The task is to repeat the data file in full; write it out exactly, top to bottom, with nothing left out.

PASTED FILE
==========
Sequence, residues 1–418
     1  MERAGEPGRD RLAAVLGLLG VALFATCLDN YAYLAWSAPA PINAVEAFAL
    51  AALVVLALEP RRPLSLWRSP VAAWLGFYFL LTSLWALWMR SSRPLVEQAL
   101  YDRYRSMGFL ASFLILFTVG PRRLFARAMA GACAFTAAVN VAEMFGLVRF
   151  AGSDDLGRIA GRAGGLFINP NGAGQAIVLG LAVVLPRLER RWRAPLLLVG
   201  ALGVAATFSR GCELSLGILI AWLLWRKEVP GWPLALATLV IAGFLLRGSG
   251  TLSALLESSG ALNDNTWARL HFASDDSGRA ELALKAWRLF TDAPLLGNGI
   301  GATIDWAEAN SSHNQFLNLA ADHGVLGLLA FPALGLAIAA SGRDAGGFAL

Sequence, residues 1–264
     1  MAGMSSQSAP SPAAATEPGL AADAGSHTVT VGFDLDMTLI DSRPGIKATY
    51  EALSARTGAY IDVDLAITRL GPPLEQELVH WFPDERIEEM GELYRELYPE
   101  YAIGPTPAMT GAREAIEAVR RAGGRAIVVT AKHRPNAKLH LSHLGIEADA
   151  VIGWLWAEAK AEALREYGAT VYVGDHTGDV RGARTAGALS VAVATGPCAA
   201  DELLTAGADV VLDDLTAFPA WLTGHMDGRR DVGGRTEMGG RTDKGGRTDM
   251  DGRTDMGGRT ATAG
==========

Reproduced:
Sequence, residues 1–418
     1  MERAGEPGRD RLAAVLGLLG VALFATCLDN YAYLAWSAPA PINAVEAFAL
    51  AALVVLALEP RRPLSLWRSP VAAWLGFYFL LTSLWALWMR SSRPLVEQAL
   101  YDRYRSMGFL ASFLILFTVG PRRLFARAMA GACAFTAAVN VAEMFGLVRF
   151  AGSDDLGRIA GRAGGLFINP NGAGQAIVLG LAVVLPRLER RWRAPLLLVG
   201  ALGVAATFSR GCELSLGILI AWLLWRKEVP GWPLALATLV IAGFLLRGSG
   251  TLSALLESSG ALNDNTWARL HFASDDSGRA ELALKAWRLF TDAPLLGNGI
   301  GATIDWAEAN SSHNQFLNLA ADHGVLGLLA FPALGLAIAA SGRDAGGFAL

Sequence, residues 1–264
     1  MAGMSSQSAP SPAAATEPGL AADAGSHTVT VGFDLDMTLI DSRPGIKATY
    51  EALSARTGAY IDVDLAITRL GPPLEQELVH WFPDERIEEM GELYRELYPE
   101  YAIGPTPAMT GAREAIEAVR RAGGRAIVVT AKHRPNAKLH LSHLGIEADA
   151  VIGWLWAEAK AEALREYGAT VYVGDHTGDV RGARTAGALS VAVATGPCAA
   201  DELLTAGADV VLDDLTAFPA WLTGHMDGRR DVGGRTEMGG RTDKGGRTDM
   251  DGRTDMGGRT ATAG